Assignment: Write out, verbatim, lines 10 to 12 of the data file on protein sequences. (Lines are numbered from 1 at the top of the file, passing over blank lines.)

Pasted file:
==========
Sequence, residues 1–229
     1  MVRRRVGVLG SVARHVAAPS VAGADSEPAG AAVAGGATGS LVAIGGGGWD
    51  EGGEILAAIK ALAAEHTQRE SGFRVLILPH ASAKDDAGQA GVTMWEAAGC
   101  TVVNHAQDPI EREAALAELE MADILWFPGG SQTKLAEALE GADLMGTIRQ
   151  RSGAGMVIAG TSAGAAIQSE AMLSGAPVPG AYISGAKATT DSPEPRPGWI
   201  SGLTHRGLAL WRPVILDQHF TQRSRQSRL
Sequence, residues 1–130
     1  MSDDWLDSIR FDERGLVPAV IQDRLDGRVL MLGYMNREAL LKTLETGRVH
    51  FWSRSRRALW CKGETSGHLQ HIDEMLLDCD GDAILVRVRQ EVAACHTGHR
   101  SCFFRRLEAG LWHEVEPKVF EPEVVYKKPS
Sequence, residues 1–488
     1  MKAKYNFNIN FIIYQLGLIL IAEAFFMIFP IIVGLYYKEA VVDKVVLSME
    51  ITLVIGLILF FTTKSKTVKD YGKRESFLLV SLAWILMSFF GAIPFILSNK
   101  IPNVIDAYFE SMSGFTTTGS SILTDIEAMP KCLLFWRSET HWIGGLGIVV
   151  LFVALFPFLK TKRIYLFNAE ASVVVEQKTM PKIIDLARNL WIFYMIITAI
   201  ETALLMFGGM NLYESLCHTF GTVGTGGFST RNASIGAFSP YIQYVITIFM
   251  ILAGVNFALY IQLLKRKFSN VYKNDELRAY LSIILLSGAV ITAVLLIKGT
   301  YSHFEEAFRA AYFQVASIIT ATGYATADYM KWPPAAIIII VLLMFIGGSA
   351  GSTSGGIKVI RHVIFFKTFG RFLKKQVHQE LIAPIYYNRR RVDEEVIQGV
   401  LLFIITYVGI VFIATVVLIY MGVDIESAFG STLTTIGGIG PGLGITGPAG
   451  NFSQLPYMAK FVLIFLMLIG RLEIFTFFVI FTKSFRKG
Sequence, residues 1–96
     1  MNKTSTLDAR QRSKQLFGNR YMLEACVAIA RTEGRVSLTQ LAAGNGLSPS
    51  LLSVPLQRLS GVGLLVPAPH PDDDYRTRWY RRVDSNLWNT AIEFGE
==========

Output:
   101  SCFFRRLEAG LWHEVEPKVF EPEVVYKKPS
Sequence, residues 1–488
     1  MKAKYNFNIN FIIYQLGLIL IAEAFFMIFP IIVGLYYKEA VVDKVVLSME